You've come a long way, baby! The concept of individual retirement accounts (IRAs) was introduced way back in 1974 as a way to incentivize American workers to save more. Back then taxpayers could contribute a whopping $1,500 of their income to reduce taxable income.
For many of our clients, yesterday's saving for retirement has evolved into broader conversations of which assets, including tech company investments, belong in the IRA. Tax-advantaged, self-directed retirement accounts, whether IRAs or Roth IRAs, have gained popularity by allowing a far wider range of investment options than traditional public-markets-only exposures in tax-advantaged accounts.
Our clients often use these self-directed retirement accounts, also called alternative-asset IRAs, to hold private company investments, convertible notes, partnership structures and real estate assets. Some investors even use the accounts to hold real assets such as gold coins. Regardless of the holdings, tax advantaged retirement accounts have the potential to allow an investor to buy and sell high-growth and highly taxed assets without taxation until they are withdrawn at retirement age.
Read the fine print
There are many administrative details with alternative-asset IRAs. Accounts are housed at specialized custodians, such as PENSCO Trust Company and Millennium Trust Company, who provide basic reporting and structure specific to these wide-ranging investments. Annual and additional fees are often much higher than those for traditional IRAs or Roth IRAs, due in part to the specialized reporting and paperwork.
Also, investors own the burden of self-qualifying each investment that is placed in an alternative-asset IRA. There are many prohibited assets, including transactions involving collectibles or life insurance contracts. Conceptually, "self-directed" means the onus is on the investor to tread carefully and understand all the rules of these unique IRAs. A great private company investment may not improve the investor's useable cash flow for decades.
Right for you?
Investing in an alternative-asset IRA is a very personal and unique decision. There is no magic formula. Rather, use of these special IRA or Roth IRA accounts needs to be viewed as part of a long-term, holistic plan that considers not only basic eligibility rules, but also one's liquidity needs, risk profile, tax situation and diversification. So how do you reconcile the potential benefits and flexibility of holding alternative assets with potential fees, long term liquidity uncertainty and related risks?
Here are three examples we encounter where the alternative-asset IRA may or may not make sense:
- Younger investors: Lack of a personal balance sheet, especially with low balances in retirement accounts, limits many younger investors. When a newer entrepreneur aspires to invest in their friends' startups, we find they often lack basic financial planning, including proper tax advice and liquidity planning. Most alternative-asset IRAs have minimum annual fees, which can eat into balances, and investors with IRA balances under $100,000 often choose to forgo self-directed IRAs because of fees & Build basic planning first before considering alternative-asset IRAs.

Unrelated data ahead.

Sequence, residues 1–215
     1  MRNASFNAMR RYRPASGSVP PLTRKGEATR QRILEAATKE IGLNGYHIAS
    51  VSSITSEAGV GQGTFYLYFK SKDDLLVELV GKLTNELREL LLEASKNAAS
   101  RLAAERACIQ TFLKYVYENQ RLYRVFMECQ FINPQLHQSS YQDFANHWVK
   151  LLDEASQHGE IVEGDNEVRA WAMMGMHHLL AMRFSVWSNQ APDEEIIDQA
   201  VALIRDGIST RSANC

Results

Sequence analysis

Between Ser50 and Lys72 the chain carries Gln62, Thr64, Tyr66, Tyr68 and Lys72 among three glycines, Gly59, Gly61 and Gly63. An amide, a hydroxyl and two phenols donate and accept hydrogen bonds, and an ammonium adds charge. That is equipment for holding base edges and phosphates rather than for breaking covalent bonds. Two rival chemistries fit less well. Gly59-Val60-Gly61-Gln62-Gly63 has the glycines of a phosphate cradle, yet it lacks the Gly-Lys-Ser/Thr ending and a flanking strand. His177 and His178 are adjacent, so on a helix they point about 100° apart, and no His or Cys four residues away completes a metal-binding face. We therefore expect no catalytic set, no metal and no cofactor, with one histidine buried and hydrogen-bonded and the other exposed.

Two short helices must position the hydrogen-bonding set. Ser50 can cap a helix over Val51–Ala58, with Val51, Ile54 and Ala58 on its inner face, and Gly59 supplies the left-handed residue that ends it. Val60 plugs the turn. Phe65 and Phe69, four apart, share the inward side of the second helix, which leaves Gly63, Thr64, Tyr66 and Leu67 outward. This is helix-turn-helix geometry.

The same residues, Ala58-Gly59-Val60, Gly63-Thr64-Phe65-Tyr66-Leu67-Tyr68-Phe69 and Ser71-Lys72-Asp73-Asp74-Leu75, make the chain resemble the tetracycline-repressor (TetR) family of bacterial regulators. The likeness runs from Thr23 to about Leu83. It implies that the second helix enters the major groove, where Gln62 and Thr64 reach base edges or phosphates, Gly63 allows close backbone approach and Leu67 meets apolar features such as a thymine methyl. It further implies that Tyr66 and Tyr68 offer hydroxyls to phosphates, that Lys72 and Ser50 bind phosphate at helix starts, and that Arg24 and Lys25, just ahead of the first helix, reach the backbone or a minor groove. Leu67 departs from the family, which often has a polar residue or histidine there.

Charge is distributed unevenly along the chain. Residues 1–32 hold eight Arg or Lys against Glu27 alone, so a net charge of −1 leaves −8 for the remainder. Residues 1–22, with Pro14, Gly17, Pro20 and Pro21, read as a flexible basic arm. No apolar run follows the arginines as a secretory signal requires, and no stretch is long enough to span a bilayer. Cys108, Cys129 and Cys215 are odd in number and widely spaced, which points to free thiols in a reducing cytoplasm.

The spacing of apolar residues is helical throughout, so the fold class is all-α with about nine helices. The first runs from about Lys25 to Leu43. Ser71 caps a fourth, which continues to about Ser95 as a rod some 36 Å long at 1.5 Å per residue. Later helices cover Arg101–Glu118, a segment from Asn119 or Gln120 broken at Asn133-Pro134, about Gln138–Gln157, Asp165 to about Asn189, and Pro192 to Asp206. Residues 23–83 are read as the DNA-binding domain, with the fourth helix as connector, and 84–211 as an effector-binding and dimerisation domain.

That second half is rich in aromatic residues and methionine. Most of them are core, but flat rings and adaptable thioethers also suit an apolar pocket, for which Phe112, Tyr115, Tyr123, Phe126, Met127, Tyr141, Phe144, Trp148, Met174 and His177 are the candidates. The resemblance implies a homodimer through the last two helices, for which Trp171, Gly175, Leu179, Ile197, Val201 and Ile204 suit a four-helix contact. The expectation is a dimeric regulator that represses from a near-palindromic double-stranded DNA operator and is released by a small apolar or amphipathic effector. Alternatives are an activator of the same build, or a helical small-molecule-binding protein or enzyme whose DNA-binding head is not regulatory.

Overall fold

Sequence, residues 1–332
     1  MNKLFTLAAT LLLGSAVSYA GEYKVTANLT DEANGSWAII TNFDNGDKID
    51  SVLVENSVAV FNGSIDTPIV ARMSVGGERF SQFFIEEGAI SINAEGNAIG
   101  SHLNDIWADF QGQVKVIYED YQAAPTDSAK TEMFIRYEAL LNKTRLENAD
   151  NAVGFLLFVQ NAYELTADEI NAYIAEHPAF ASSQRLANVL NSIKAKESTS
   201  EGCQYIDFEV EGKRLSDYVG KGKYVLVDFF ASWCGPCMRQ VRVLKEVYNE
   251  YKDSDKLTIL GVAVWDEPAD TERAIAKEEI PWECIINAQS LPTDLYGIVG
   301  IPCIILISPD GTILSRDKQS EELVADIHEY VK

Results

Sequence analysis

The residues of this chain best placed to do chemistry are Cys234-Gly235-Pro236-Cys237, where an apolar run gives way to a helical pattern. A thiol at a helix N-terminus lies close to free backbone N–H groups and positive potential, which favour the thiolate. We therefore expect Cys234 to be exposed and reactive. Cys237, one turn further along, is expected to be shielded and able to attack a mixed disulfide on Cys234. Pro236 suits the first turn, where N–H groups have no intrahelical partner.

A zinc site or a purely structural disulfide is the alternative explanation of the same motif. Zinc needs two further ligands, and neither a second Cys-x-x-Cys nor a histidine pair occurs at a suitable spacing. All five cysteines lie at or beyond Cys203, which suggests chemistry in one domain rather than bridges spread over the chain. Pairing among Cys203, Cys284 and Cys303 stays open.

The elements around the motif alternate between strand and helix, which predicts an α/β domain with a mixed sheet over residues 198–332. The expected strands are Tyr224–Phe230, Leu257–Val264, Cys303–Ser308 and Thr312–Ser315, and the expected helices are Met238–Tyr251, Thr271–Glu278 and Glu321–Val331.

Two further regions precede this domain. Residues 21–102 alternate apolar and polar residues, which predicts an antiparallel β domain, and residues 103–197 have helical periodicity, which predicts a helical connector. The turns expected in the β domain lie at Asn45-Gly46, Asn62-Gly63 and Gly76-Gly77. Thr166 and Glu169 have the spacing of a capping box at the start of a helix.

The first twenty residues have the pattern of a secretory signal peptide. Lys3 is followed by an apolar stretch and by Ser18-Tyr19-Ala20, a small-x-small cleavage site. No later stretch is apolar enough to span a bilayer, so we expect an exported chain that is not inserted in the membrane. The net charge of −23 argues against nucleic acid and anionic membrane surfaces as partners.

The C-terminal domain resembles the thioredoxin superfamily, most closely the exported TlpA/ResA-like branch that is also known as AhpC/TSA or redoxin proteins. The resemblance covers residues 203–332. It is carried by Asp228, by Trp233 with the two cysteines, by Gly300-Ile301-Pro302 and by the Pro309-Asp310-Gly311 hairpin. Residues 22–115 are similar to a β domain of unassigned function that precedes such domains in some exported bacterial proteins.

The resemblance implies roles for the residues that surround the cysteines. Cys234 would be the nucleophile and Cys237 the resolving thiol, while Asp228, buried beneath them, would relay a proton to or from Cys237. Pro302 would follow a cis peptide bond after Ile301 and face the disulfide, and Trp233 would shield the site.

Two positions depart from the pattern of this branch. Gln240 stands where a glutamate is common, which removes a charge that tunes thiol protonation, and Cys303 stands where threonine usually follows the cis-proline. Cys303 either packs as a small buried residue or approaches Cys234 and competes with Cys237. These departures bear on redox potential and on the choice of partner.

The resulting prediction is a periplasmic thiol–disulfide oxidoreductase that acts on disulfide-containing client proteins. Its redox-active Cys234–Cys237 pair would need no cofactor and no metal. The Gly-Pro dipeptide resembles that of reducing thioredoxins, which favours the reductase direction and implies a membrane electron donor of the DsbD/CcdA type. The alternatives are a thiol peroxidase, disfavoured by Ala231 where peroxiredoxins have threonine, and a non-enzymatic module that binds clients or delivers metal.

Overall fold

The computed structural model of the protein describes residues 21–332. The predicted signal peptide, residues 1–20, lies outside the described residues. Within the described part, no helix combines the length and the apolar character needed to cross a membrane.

- Investors with basic planning in place: As personal balance sheets grow, investors might consider an appropriate budget for angel and/or co-investing situations. You need to weigh such investment decisions against over-concentrations of personal assets in technology or a single sector. With the guidance of a wealth advisor and tax advisor, decisions to invest in non-public assets with longer time horizons can be weighed against the risk, liquidity needs, tax-effect and expense of other investments. A good plan could breed a tax-advantaged opportunity to invest opportunistically with an alternative-asset IRA.
- Long-term investors with long-term planning: A comprehensive wealth plan effectively manages liquidity, risk and proper diversification over the long term. In some cases, self-directed investments could remain illiquid for over 10 years. If you have access to invest in the next greatest technology via an alternative-asset IRA, seizing the tax-advantaged benefits could be just a small part of a larger optimization plan that considers public and private asset management, liquidity management, tax planning, estate planning and more.
In reality, it's best to have a wealth advisor and a tax advisor to properly chart a long-term course. Although investors can expect to pay more in terms of custodial fees for these accounts, SVB Private Bank has relationships with specialized custodians and can help drive down some of the associated costs by offering institutional pricing. Every situation is unique and depends on many variables—do not consider the planning scenarios or details herein as tax or investment advice for you personally. With a proper plan and a tax advisor, an alternative-asset IRA could be beneficial for our clients.